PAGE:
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As hilarious as it is absurd, this droll comedy about spies in Cuba stars the prodigiously talented Guinness. The real world of espionage is ridiculous enough, but director Reed manages to make it seem even sillier by putting an innocuous vacuum cleaner salesman (Guinness) in the the middle
of all the clandestine goings-on. Guinness, the owner of a small store in Havana, is approached by Coward, a master spy who enlists him as an agent. Realizing he will be making good money for every tidbit of information he passes along to headquarters in London, and wanting that money to be able
to buy the good things in life for his daughter (Morrow), but knowing there is no real information to gather, Guinness begins to invent information. Kovacs, the reportedly brutal chief of police, who has cast a covetous eye on Morrow, gets reports that Guinness has been acting in a furtive manner.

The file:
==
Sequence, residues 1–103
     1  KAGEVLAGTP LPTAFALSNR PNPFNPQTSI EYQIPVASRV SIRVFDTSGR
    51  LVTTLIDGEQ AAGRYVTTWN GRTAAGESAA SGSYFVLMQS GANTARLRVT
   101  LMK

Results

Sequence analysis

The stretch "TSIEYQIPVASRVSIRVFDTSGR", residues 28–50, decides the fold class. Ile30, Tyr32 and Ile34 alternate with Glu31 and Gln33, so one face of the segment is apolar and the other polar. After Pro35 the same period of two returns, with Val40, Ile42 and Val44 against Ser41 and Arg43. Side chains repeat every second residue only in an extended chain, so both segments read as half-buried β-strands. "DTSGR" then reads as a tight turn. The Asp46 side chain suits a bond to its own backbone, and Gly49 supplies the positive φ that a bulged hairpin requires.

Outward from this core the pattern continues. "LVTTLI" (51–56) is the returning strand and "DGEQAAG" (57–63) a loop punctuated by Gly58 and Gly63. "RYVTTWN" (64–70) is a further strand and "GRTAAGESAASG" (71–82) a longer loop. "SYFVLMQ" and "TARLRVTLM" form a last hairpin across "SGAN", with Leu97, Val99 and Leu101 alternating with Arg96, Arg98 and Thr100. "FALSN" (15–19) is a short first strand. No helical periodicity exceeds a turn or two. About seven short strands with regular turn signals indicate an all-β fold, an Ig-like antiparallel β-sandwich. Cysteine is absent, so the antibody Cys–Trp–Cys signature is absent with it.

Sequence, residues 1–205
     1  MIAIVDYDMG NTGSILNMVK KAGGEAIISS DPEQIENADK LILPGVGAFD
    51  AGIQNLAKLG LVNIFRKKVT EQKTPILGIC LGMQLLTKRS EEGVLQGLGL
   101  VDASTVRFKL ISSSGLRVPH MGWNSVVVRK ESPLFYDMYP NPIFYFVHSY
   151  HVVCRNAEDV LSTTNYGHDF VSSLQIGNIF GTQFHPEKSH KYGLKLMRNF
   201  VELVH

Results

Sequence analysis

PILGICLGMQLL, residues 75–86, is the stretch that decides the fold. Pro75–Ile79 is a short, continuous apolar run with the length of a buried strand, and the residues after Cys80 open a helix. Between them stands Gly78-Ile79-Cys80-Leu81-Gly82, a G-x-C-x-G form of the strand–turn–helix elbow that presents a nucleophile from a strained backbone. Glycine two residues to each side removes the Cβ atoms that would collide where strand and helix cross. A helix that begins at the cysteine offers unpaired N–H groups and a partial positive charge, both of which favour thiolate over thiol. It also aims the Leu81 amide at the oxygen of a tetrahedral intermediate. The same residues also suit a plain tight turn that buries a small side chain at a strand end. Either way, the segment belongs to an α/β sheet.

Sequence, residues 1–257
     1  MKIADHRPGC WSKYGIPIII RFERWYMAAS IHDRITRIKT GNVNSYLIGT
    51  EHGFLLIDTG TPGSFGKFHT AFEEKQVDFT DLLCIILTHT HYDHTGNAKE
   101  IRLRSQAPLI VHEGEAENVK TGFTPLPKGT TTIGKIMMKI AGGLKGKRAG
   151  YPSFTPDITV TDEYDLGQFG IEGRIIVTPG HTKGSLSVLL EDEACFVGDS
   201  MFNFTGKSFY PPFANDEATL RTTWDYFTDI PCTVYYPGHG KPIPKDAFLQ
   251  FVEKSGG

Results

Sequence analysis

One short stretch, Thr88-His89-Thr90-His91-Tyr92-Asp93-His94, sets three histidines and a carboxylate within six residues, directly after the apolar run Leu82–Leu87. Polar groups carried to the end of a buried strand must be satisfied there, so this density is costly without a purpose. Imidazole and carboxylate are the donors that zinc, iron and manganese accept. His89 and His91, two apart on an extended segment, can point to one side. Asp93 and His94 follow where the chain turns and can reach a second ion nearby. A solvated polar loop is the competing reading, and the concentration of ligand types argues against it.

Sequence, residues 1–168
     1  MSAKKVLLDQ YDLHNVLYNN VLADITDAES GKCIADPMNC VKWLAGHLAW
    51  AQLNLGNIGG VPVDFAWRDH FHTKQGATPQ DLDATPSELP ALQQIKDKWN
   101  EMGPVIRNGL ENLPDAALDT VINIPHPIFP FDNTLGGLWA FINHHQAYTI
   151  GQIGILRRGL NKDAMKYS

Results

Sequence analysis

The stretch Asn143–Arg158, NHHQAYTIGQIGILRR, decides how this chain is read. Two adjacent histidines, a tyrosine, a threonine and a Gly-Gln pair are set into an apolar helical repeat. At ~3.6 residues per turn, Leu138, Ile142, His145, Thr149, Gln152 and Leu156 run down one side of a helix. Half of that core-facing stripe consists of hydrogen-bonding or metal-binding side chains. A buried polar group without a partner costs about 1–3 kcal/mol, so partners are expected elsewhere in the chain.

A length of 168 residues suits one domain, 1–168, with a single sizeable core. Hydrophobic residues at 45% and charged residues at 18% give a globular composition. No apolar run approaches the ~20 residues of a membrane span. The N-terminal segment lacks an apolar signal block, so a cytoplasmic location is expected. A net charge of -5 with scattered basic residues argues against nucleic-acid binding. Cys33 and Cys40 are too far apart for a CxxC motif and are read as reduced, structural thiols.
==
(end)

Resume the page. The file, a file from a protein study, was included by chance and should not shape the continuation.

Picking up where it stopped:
Kovacs spies on Guinness, while Guinness spies on Kovacs, and the whole affair begins to expand crazily. However, the intrigue ceases to be phony when Guinness is forced to dispatch a very real enemy. Nevertheless, Guinness eventually has to admit to the fabricated nature of the information he has
been providing to British intelligence, and he is ordered back to London, where he meets an unexpected fate. Mixing subtle comedy with sinister consequences, OUR MAN IN HAVANA is probably Guinness' drollest film. Guinness is superb as the greedy but imaginative shop owner, but Kovacs, as the
posturing police chief, and Coward, as the British master spy, steal the film, which was shot in Havana shortly after the Cuban Revolution.